NEW YORK – The European Commission on Wednesday fined Illumina €432 million ($479 million) for acquiring liquid biopsy firm Grail prior to approval by competition regulators.
"If companies merge before our clearance, they breach our rules," Margrethe Vestager, EC executive VP in charge of competition policy, said in a statement. "Illumina and Grail knowingly and deliberately did so by implementing their tie-up as we were still investigating. Today's decision to fine both companies, for a total amount of €432 million, shows that this is a very serious infringement."
The EC also fined Grail €1,000, a symbolic amount as this is the first time the EC is imposing a fine on a company that was the target of a prematurely closed acquisition.
The Illumina fine represents 10 percent of its 2022 revenues — which were $4.58 billion — the maximum amount a company can be fined under the EU Merger Regulation. But the EC suggested that it wanted to punish Illumina even more.
The seriousness of the infringement "requires the imposition of a proportionate fine, with the aim of deterring such conduct," the EC said in a statement. It weighed Illumina's apparently deliberate strategy of gun-jumping against the mitigating "hold separate" measures adopted by the companies. "The Commission is however subject to a statutory limit of 10 percent of Illumina's turnover … and thus ultimately imposed this amount as a fine," the EC said.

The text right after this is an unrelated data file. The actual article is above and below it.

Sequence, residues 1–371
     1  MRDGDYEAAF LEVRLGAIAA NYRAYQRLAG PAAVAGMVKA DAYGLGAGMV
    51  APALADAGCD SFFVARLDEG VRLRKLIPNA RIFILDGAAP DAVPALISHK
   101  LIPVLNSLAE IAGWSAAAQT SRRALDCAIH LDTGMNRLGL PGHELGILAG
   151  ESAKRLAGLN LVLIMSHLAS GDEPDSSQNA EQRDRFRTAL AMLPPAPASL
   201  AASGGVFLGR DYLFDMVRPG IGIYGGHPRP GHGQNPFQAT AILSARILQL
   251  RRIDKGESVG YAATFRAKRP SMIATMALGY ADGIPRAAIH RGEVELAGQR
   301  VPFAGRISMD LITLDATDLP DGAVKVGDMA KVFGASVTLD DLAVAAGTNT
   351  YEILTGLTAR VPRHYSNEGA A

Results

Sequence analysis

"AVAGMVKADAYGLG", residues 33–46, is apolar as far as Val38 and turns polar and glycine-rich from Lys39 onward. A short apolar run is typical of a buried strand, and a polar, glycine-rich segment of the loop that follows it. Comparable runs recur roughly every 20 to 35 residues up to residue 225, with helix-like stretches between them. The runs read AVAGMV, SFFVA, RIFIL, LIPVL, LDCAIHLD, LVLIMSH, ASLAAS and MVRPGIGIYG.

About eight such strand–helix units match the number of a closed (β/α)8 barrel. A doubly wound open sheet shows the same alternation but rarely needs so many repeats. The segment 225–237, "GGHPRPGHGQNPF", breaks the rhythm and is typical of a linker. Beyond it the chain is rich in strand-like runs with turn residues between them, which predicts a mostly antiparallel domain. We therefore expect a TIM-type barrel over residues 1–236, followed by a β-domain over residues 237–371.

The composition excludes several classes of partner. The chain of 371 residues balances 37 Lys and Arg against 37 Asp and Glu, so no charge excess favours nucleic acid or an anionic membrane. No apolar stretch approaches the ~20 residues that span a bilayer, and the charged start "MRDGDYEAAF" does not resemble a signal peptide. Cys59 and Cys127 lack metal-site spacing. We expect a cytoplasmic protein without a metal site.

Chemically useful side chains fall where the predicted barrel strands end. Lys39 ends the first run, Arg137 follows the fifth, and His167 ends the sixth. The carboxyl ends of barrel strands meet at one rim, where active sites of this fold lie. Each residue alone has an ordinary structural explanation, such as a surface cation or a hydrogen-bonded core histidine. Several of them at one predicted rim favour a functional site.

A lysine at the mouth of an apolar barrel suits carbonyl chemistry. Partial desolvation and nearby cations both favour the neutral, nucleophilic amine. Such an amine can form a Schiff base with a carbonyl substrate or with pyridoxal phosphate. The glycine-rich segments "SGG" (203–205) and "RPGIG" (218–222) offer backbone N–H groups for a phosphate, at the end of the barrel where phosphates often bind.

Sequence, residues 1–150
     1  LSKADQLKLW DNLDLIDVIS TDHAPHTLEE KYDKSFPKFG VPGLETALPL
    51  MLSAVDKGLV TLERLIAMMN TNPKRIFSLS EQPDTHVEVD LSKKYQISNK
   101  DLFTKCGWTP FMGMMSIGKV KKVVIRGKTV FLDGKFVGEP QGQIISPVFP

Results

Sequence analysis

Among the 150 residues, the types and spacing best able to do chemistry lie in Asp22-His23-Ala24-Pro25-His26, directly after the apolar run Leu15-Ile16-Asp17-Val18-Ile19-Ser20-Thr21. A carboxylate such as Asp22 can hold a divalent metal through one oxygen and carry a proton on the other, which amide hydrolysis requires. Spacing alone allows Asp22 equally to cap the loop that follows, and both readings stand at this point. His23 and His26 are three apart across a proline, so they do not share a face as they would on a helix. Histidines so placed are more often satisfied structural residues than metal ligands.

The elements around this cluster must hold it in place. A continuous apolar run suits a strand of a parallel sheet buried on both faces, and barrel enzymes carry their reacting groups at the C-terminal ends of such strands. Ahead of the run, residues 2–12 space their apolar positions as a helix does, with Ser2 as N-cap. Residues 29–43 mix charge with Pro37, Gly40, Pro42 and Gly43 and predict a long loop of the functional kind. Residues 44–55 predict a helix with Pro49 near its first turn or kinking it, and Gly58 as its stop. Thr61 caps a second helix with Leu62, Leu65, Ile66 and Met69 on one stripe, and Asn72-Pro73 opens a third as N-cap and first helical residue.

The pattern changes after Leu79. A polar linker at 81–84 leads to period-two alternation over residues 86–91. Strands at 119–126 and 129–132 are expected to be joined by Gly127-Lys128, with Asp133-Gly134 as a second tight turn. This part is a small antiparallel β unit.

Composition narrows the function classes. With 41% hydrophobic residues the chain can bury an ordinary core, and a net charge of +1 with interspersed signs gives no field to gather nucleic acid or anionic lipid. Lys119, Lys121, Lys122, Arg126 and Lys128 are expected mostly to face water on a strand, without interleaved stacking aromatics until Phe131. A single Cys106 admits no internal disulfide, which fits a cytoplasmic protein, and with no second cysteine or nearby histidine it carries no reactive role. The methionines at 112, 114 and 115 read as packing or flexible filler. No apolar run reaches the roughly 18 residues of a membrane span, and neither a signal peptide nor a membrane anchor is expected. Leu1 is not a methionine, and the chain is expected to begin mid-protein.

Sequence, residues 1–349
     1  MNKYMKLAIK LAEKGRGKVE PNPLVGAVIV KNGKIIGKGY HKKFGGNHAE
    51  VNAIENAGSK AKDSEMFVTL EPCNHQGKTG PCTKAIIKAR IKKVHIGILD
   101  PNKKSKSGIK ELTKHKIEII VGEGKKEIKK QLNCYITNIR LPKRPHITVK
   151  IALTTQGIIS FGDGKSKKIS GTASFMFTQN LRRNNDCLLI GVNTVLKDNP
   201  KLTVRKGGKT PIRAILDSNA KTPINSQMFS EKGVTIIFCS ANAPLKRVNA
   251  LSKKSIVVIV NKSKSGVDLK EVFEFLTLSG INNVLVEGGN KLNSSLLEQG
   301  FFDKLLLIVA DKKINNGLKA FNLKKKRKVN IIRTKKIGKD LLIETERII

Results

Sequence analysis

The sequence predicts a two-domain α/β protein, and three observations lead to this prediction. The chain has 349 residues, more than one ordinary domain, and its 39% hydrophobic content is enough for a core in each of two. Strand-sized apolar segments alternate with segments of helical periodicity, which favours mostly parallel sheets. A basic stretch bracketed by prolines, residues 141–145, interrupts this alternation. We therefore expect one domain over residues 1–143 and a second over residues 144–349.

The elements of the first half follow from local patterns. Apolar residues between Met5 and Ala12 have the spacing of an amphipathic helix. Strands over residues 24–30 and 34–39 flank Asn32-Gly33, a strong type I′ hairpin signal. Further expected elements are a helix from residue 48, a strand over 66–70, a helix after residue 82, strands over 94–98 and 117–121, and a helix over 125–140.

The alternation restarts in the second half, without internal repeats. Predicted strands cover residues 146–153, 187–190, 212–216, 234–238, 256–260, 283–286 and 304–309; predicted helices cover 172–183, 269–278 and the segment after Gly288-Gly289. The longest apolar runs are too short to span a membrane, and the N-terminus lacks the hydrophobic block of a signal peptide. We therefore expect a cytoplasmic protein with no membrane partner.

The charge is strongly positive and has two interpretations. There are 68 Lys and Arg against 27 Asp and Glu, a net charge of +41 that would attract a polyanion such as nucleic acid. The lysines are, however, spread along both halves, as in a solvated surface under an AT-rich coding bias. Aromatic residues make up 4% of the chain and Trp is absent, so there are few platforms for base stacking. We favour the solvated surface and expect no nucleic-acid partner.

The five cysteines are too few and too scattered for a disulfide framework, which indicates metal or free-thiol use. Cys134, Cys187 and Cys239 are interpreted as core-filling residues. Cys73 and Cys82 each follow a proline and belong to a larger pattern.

Illumina had been expecting the fine and recorded a $453 million loss in the third quarter of 2022 to cover it. That was after the EC notified Illumina that its preliminary findings alleged a breach of the "standstill obligation" of mergers, while the EC was completing its in-depth review of the proposed deal. In December, the EC issued its objections to the deal and said it plans to require Illumina to divest Grail.
Though the firm has been expecting the decision, it believes the fine is "unlawful, inappropriate, and disproportionate," and plans to appeal, Illumina Global Head of Public Relations David McAlpine said in a statement.
"To respect the EC's process, we voluntarily held the companies separate upon closing and have abided by the EC's interim measures while the regulatory and judicial processes conclude," he said, noting that the firm's challenge to the EC's jurisdiction to review the deal is pending.
Success in that appeal "could render these fines irrelevant," Evercore ISI analyst Vijay Kumar wrote in a note to investors. "Irrespective of these legal entanglements, we would expect Illumina to divest Grail at the earliest feasible opportunity … we are tired of writing about the Grail saga and hope the board of directors additions/new CEO are signaling a close to this rather ugly chapter in the Illumina story."
For its part, Grail was "fully aware of the standstill obligation and yet played an active role in the infringement," the EC said. "For example, Grail took legal steps to enable the completion of the transaction, while it knew the Commission's in-depth review was ongoing."
In Wednesday morning trading on the Nasdaq, shares of Illumina were up 3 percent at $190.91.